Development of Fundamental Data on Chemical Speciation and Solubility for Strontium and Americium in High-Level Waste: Predictive Modeling of Phase Partitioning During Tank Processing

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In this project, Pacific Northwest National Laboratory (PNNL) and Florida State University (FSU) are investigating the speciation of Sr and Am/Cm in the presence of selected organic chelating agents over ranges of hydroxide, carbonate, ionic strength, and competing metal ion concentrations present in high-level waste (HLW) stored in tanks at Hanford and other U.S. Department of Energy (DOE) sites. The chelating agents that are being studied are EDTA (ethylenediaminetetraacetic acid), HEDTA (N-(2-hydroxyethyl)ethylenediaminetriacetic acid), NTA (nitrilotriacetic acid), IDA (iminodiacetic acid), citrate, and oxalate. The project comprises integrated research tasks that approach the problem of chemical speciation using macroscopic thermodynamic measurements of ... continued below

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Felmy, Andrew R.; Choppin, Gregory & Dixon, David A. June 1, 2002.

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In this project, Pacific Northwest National Laboratory (PNNL) and Florida State University (FSU) are investigating the speciation of Sr and Am/Cm in the presence of selected organic chelating agents over ranges of hydroxide, carbonate, ionic strength, and competing metal ion concentrations present in high-level waste (HLW) stored in tanks at Hanford and other U.S. Department of Energy (DOE) sites. The chelating agents that are being studied are EDTA (ethylenediaminetetraacetic acid), HEDTA (N-(2-hydroxyethyl)ethylenediaminetriacetic acid), NTA (nitrilotriacetic acid), IDA (iminodiacetic acid), citrate, and oxalate. The project comprises integrated research tasks that approach the problem of chemical speciation using macroscopic thermodynamic measurements of metal-ligand competition reactions, molecular modeling studies to identify structures or complexes of unusual stability, and mass spectrometry measurements of complex charge/mass ratio that can be applied to mixed metalchelate systems. This fundamental information then is used to develop thermodynamic models designed to predict changes in chemical speciation and solubility resulting from various tank processing conditions. In this way we can develop new approaches that address fundamental problems in aqueous speciation and, at the same time, provide useful and practical information needed for tank waste processing. Current strategies for reducing the total volume of radioactive tank waste requiring disposal at Hanford and other DOE sites call for the development of methods that can be used to selectively dissolve and remove non-radioactive elements, such as Al, P, and Cr, while retaining or precipitating the radioactive elements, including Sr and the actinide elements, in the tank sludge. This partitioning between solids and precipitates is fundamentally dependent on the chemical speciation of the elements present in the tank processing solutions. Of particular importance is separation of the radioactive and hazardous actinide elements and fission products from the sludge and supernatants, particularly from supernatants containing high concentrations of strong chelating agents that can act to dissolve the actinides and fission products as well as interfere with subsequent metal ion extraction processes. Specifically, the fundamental understanding of chemical speciation reactions gained from these studies will help us identify other potential mechanisms (e.g., competition, displacement, or other reactions) that could be used for removing Sr and Am/Cm from organic chelates present in the HLW.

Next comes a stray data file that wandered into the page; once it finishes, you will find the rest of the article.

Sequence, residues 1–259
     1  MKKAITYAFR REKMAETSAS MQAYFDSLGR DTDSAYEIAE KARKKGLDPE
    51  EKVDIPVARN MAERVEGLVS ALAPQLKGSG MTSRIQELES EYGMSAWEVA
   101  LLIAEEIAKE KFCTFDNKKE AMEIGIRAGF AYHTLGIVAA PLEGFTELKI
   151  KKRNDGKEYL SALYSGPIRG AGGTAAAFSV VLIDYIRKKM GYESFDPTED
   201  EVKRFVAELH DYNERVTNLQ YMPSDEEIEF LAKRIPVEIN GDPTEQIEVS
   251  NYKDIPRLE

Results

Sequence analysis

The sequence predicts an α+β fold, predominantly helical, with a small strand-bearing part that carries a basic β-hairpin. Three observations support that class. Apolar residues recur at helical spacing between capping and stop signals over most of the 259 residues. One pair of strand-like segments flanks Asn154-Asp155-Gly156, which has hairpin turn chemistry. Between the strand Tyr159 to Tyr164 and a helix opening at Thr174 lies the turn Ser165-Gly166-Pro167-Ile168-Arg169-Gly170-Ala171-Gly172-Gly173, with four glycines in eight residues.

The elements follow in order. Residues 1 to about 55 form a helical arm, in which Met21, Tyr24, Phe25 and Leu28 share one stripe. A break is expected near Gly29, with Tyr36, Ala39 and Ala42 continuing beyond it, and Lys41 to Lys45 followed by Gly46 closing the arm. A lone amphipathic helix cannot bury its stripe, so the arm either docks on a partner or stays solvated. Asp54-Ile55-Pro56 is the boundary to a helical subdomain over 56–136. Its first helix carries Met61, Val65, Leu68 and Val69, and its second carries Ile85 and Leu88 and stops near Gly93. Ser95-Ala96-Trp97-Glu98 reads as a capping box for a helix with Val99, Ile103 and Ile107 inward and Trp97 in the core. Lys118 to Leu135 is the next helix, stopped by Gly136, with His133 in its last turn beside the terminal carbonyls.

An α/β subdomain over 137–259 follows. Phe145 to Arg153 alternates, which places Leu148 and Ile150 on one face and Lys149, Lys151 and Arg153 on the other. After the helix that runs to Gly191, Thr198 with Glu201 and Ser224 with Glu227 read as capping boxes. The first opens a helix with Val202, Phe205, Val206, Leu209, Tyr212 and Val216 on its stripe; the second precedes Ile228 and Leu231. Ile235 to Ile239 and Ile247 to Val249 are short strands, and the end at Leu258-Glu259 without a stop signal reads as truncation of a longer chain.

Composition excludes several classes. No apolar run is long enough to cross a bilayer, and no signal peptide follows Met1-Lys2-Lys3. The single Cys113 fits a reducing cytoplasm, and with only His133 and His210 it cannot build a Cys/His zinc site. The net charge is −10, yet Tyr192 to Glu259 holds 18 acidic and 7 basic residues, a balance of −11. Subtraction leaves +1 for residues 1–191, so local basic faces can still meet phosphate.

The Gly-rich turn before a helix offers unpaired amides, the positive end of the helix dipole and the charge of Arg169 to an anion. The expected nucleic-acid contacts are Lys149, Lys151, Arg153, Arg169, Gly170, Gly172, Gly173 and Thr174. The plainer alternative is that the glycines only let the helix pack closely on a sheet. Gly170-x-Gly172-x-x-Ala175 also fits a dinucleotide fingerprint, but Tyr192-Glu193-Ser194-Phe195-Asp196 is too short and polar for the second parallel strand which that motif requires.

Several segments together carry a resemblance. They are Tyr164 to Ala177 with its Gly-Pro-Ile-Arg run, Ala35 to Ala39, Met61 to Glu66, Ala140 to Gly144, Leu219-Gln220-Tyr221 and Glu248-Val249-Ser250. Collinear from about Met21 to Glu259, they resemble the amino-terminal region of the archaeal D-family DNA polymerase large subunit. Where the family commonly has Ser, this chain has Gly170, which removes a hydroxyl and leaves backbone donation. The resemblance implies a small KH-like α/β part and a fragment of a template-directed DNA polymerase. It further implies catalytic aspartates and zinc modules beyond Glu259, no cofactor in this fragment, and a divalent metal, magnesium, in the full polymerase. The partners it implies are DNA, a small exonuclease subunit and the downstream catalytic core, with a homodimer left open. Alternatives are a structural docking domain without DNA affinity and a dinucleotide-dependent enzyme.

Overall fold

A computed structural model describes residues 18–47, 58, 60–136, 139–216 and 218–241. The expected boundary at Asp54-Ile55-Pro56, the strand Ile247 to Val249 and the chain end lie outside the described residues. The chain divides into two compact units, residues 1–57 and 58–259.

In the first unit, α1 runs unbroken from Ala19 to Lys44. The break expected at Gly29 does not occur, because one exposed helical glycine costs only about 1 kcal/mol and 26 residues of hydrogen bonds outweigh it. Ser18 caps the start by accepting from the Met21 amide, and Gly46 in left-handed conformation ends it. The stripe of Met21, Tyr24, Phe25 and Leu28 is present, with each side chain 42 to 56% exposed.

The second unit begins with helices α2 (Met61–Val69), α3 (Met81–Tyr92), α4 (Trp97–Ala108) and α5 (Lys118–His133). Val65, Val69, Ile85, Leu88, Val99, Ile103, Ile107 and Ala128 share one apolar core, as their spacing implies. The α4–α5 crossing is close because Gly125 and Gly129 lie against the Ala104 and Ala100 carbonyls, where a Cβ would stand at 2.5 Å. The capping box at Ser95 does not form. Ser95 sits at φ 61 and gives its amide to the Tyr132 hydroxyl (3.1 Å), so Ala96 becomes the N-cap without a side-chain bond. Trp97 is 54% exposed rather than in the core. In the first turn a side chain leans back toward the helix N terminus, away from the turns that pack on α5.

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  • Other Information: PBD: 1 Jun 2002

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  • Report No.: EMSP-73749--2002
  • Grant Number: FG07-02ER63222
  • DOI: 10.2172/833734 | External Link
  • Office of Scientific & Technical Information Report Number: 833734
  • Archival Resource Key: ark:/67531/metadc782439

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  • June 1, 2002

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  • Dec. 3, 2015, 9:30 a.m.

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  • April 21, 2016, 1:14 p.m.

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Felmy, Andrew R.; Choppin, Gregory & Dixon, David A. Development of Fundamental Data on Chemical Speciation and Solubility for Strontium and Americium in High-Level Waste: Predictive Modeling of Phase Partitioning During Tank Processing, report, June 1, 2002; Richland, Washington. (digital.library.unt.edu/ark:/67531/metadc782439/: accessed October 16, 2017), University of North Texas Libraries, Digital Library, digital.library.unt.edu; crediting UNT Libraries Government Documents Department.